Saturday, March 23, 2019

Favorite Pic of the Day for March 24th

Antoine by Robert Colgan
-See More Below-

~Check out today's BIRTHDAYS HERE:~

Succulent Selfies

Robert Colgan: All the Way to the Bank

Although 'Favorite' is in the title of my site, I find it difficult to actually choose favorites.  There are favorite aspects with every artist and model I feature, and in every image I choose to use.  There are some shoots and stories  however, that are especially memorable.  These are posts that I love revisiting again and again.

One of those shoots is Bank Job, a piece featuring the work of photographer Robert Colgan that I first posted back in 2011. (original post HERE:FH was about 3 years old and thanks to Robert, and several other incredible artists, I had developed a passion for environmental shoots.  Bank Job was unique, the overall feel and nod to the past.  The setting, the story, the architecture and design and the scope in which Robert so brilliantly captured the location.

Over the past year or so, I've enjoyed seeing new shots from the shoot that Robert has posted on his Instagram .  When I asked if I could use some of the new shots and update the original post, Robert sent on about 10 new shots from the shoot for me to include.  I've updated the piece, keeping the original text and adding the additional images. Check it out on PAGE 2 HERE:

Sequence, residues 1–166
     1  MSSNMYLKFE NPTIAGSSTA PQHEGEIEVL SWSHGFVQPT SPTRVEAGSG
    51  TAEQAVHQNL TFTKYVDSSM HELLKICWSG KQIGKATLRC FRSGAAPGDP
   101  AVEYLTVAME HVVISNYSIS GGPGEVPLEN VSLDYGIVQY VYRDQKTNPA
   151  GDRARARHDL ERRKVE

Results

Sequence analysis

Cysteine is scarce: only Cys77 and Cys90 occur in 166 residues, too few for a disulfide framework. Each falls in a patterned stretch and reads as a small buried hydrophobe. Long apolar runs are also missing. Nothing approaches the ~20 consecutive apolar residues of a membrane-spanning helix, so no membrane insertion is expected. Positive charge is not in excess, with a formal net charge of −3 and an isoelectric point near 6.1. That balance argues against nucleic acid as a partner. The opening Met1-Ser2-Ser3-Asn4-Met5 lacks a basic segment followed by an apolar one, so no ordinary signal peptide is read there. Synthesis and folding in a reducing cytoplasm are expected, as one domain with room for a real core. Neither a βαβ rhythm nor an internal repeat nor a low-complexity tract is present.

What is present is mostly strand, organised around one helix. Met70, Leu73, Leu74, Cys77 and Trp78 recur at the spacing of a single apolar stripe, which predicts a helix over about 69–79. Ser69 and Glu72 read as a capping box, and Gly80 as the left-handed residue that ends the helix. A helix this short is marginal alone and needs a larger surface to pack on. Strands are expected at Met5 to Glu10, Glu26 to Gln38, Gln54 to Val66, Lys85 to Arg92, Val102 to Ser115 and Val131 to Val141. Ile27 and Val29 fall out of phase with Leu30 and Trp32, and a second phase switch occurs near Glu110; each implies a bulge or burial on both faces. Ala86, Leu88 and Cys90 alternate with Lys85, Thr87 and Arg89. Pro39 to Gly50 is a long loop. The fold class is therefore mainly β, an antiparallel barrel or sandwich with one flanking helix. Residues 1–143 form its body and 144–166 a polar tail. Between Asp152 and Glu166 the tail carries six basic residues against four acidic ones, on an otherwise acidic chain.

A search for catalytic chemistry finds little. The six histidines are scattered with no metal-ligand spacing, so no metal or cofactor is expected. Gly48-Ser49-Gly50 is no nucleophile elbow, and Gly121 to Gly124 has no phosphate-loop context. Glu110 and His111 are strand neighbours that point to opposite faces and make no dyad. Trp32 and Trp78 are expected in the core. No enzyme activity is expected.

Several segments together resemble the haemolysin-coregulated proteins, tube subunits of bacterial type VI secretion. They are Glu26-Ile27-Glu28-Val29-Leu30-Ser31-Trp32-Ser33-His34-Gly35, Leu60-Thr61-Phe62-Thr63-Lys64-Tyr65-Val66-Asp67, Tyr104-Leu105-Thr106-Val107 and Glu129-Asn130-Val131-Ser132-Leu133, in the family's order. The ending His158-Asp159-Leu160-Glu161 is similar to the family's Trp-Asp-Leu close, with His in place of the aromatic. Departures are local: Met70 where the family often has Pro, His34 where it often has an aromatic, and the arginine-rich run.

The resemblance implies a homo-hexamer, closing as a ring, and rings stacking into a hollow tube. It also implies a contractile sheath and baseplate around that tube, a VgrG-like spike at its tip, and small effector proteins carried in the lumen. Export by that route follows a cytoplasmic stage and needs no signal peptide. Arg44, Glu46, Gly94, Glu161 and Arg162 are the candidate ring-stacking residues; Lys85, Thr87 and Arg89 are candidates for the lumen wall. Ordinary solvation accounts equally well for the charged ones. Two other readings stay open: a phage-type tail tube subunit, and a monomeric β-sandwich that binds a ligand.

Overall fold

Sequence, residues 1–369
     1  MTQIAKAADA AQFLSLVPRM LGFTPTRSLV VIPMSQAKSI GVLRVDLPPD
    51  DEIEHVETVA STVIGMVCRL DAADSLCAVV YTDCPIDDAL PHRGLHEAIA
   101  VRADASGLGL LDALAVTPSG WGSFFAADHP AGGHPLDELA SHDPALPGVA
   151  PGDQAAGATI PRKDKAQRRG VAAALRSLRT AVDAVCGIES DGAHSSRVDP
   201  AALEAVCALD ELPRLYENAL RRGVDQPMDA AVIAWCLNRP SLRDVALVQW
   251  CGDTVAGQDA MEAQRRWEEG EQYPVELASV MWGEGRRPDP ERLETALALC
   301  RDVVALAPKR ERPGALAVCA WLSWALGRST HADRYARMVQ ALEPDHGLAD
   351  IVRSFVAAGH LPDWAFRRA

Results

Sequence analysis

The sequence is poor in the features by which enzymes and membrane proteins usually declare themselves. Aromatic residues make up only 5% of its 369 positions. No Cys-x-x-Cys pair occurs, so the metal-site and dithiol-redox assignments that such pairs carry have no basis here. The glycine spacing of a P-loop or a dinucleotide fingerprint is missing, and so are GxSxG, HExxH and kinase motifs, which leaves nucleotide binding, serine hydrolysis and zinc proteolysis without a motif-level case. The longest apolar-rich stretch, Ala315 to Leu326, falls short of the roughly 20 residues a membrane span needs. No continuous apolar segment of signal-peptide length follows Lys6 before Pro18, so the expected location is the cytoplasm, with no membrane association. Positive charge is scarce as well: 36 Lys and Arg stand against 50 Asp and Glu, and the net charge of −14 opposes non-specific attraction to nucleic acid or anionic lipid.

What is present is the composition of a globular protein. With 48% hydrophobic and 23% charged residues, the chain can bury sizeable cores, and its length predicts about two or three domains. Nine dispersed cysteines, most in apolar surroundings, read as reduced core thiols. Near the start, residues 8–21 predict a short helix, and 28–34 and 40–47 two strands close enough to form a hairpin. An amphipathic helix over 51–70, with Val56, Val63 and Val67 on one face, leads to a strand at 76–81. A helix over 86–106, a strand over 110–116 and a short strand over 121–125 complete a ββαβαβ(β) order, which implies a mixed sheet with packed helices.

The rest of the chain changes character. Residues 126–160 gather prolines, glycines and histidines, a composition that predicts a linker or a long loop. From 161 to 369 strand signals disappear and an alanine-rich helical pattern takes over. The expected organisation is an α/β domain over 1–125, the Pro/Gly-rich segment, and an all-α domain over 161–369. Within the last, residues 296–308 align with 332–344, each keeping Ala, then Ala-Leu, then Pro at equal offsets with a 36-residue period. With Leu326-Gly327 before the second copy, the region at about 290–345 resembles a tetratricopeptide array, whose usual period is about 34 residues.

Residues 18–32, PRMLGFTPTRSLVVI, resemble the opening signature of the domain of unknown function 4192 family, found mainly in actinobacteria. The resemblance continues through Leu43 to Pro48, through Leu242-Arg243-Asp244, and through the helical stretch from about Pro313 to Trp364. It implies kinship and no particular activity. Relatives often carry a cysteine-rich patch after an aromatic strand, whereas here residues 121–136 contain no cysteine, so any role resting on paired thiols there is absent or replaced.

Favorite Click of the Week: Douglass Booth in The Dirt

'Win it all, lose it all, we are Mötley Crüe!'
Nikki Sixx

I have loved and posted about (HERE:) actor Douglas Booth since first seeing his beautiful face in 2012'a Great Expectations. I had no idea they were making a Mötley Crüe, let alone Booth was playing co-founder and bassist Nikki Sixx. Thanks to Casperfan however, I will be checking out The Dirt, especially given Booth has a nude scene (hope it's him) and one of his co-stars is the amazing Iwan Rheon.

Caps below via Casperfan, check out more images and a clip on his site HERE:

A Creative Force: Antoine by Robert Colgan

'The shoot with Robert was very empowering.  I felt like I could conquer anything!'